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Wisconsin Governor Walker Stays, the First to Survive a Recall
Well, he did it. Wisconsin Governor Scott Walker is the first to remain in office after a recall — winning with a narrow margin of 53 percent of the vote stacked against 46 taken by Democratic Mayor Tom Barrett.
In a sign of magnanimity, Walker hushed the crowd during his victory speech when they booed Barrett.
“No, no, no,” he said. “The election is over. I talked to the mayor and we had a good conversation.
“Bringing our state together will take some time, but I hope to start right away. It is time to put our differences aside and figure out ways that we can move Wisconsin forward.”
He then made a gesture at sharing a lunch table with his opponents eating burgers, brats, and “maybe a little bit of good Wisconsin beer.”
The recall was fueled by democrats and union leaders who garnered 900,000 signatures of voters concerned about his opposition to certain unions in his successful attempt to turn around the State’s debt, which under his guidance went from over a billion in the red to over 100 million in surplus.
Money is also the excuse his opponents are making for his victory: Republicans spent $45.6 million on the election whereas Democrats spent $17.9 million. In campaign fundraising, Walker had nearly an eight-to-one advantage over his opponent.
Said Tate, the state Democratic leader, “The fact that Scott Walker spent nearly $50-plus million is a fact that simply can’t be ignored. They’ve got millionaires and billionaires who can just write checks to buy endless amounts of TV ads, and that makes it problematic for us. This shouldn’t have even been a close contest,” he said, implying that credulous television viewing was more important for the Republican victory than Walker’s successes in office.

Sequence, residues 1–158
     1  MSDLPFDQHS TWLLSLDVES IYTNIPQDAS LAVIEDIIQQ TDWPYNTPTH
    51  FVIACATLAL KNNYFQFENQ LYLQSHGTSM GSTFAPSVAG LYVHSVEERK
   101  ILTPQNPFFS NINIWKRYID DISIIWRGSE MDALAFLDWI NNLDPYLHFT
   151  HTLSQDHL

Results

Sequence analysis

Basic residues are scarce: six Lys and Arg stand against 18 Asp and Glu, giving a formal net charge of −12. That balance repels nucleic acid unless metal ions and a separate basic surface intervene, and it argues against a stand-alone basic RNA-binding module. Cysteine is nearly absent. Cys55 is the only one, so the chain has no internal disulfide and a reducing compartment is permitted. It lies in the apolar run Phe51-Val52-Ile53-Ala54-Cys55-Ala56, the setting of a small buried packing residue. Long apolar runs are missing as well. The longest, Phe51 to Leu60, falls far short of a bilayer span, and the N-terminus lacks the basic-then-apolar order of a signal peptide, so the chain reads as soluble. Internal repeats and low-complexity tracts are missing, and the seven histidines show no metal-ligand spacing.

AFL-CIO President Richard Trumka was a bit more magnanimous in his concession of defeat:
“We wanted a different outcome, but Wisconsin forced the governor to answer for his efforts to divide the state and punish hard-working people. Their resolve has inspired a nation to follow their lead and stand up for the values of hard work, unity, and decency that we believe in. We hope Scott Walker heard Wisconsin: Nobody wants divisive policies. It’s time to work together to forge a new path forward. The challenge to solve a generation of economic politics and create an economy that celebrates hard work over a partisan agenda gained momentum today.”
The Republican victory may turn the state Red before November’s elections, which would drastically change Wisconsin’s long standing tendency to vote Democrat.